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New stimulus measures by China to boost economic growth | Beijing Bulletin

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New stimulus measures by China to boost economic growth | Beijing Bulletin

Volume 20140714

 

New stimulus measures by China to boost economic growth

Beijing Bulletin Thursday 12th June, 2014

• These include plans to build railways, roads and airports along the Yangtze River - which connects China's less developed inland provinces to Shanghai.

• China has been taking various steps in the last few weeks to boost economic growth amid fears the country could be heading for a slowdown in the coming months.

• The nation's economy grew by 7.4 per cent in the first quarter of the year, which was down from the figure of 7.7 per cent recorded between January and March 2013.

BEIJING - China, the world's second largest economy, has announced measures designed to boost its economy, including a wide range of ambitious infrastructure projects.

These include plans to build railways, roads and airports along the Yangtze River - which connects China's less developed inland provinces to Shanghai.

China's central bank said it will encourage banks to lend more to exporters to boost shipments.

China has been taking various steps in the last few weeks to boost economic growth amid fears the country could be heading for a slowdown in the coming months.

The nation's economy grew by 7.4 per cent in the first quarter of the year, which was down from the figure of 7.7 per cent recorded between January and March 2013.

In a statement released Wednesday, the State Council said that the decision to build a multi-tier transport system alongside the Yangtze River is set to create a new economic belt along the river.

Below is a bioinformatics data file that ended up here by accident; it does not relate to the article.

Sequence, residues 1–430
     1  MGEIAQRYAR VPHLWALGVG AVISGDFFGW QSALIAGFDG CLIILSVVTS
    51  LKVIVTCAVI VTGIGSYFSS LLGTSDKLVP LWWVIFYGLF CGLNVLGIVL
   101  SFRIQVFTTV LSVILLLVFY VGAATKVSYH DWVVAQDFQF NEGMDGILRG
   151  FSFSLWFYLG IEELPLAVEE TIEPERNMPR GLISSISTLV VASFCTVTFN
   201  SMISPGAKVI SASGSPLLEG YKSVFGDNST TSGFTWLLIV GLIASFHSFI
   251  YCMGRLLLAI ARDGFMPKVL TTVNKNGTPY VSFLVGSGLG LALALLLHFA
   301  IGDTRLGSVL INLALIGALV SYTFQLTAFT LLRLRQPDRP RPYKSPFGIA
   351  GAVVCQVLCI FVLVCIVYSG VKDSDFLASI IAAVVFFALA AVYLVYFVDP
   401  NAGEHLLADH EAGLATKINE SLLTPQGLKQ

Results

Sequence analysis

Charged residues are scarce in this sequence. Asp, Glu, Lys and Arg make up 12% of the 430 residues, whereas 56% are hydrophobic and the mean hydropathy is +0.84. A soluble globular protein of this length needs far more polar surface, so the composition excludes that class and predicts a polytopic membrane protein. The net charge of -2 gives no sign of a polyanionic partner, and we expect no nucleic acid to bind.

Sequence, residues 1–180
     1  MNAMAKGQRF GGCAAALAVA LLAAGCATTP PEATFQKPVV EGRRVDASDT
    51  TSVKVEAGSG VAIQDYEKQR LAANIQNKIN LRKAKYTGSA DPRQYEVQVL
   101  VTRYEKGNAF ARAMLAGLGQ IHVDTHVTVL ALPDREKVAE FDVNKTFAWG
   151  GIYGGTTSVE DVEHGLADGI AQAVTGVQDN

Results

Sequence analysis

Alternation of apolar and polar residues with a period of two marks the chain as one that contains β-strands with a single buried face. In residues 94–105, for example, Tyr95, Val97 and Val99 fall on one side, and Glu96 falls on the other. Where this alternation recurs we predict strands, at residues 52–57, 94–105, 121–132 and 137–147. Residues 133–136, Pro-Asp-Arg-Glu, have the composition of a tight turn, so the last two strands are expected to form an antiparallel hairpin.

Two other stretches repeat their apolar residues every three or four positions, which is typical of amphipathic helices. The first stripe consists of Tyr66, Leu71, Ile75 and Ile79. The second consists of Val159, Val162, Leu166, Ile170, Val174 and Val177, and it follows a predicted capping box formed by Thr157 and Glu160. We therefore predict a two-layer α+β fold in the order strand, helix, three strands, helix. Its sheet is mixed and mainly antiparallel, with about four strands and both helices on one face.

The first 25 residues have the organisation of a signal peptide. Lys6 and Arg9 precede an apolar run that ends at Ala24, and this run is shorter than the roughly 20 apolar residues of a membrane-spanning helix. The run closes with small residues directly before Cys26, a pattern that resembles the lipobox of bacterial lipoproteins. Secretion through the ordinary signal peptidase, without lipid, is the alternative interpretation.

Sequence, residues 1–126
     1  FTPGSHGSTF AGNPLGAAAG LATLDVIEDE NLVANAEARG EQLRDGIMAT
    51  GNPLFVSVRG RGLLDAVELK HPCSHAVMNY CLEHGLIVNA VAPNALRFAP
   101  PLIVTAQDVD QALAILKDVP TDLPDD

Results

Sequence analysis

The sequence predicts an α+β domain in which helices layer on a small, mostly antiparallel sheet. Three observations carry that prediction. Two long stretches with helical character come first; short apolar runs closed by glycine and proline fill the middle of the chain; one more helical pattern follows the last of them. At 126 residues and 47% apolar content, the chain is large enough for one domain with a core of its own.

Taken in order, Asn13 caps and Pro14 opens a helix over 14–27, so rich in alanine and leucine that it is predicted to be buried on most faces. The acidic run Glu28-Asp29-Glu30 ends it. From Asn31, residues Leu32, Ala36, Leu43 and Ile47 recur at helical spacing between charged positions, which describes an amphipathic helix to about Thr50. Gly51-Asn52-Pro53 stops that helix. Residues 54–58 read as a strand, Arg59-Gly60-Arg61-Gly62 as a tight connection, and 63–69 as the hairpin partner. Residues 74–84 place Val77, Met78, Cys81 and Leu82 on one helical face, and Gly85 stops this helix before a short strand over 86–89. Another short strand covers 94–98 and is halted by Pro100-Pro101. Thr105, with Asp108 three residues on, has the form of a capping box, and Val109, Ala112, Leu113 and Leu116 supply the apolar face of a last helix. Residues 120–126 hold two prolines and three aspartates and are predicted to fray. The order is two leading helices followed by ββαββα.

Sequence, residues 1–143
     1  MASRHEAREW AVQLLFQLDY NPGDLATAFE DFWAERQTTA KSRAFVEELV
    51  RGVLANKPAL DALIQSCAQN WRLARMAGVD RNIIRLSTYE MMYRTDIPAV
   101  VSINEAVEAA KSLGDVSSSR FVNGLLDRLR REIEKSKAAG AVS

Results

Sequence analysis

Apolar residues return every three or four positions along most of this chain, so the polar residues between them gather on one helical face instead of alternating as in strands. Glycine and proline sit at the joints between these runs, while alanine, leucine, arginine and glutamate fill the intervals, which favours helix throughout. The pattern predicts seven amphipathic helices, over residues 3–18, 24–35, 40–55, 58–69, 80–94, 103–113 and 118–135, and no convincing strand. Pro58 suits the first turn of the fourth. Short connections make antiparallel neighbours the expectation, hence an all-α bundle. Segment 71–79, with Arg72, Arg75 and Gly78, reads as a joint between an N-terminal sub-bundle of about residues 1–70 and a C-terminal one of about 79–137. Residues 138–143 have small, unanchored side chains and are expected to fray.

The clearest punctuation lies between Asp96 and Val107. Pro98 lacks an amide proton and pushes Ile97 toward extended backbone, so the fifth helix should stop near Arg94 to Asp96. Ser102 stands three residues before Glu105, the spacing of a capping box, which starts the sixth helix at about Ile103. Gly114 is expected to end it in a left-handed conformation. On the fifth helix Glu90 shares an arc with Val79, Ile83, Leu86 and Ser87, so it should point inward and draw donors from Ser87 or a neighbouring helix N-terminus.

According to the state-owned Xinhua news agency, the body said: "Better use of the so-called 'golden waterway' can boost economic integration between developed and impoverished regions and inject fresh energy into China's economic growth."

Senior Communist party officials have started to issue public warnings about the potential consequences of the current slowdown.

"Under the macroeconomic situation right now, overcapacity and the rapid build-up of local government debt are the two problems the central authorities are most concerned about," Wang Baoan, vice-minister of finance, said in a speech published by his ministry. "These two issues could lead to a financial crisis."

On Friday, data scheduled for release is expected to show further weakness in industrial production, fixed asset investment, property and retail sales.

The central bank revealed that it is going to encourage banks to lend more money to companies, as this should boost exports and in turn be good news for the country's economy.

The China Banking Regulatory Commission (CBRC) has promised to tighten supervision over the shadow banking sector in the country. It said loans will be increased and borrowing costs are to be capped in a move the organisation says will boost the supply of funds to the real economy.

CBRC's vice-president Wang Zhaoxing told a news conference that it would work towards improving deposit-to-loan ratios.

Other infrastructure projects announced by the Chinese government include improvements to the navigation capacity of the Three Gorges Dam, while standardised ships are going to be adapted for the Yangtze as this will encourage the development of energy-saving vessels.

In an attempt to sustain a high growth rate, and to rebalance its economy, China has been looking to boost domestic consumption.

However, there have been concerns that as China tries to move away from an export-led growth model, growth may slow down further, said BBC.

Data released earlier this month showed that China's imports declined 1.6 percent in May, from a year earlier, underlining fears that domestic demand may not be picking up as fast as policymakers had hoped.

At the same time, China's exports have also been under pressure in recent months.

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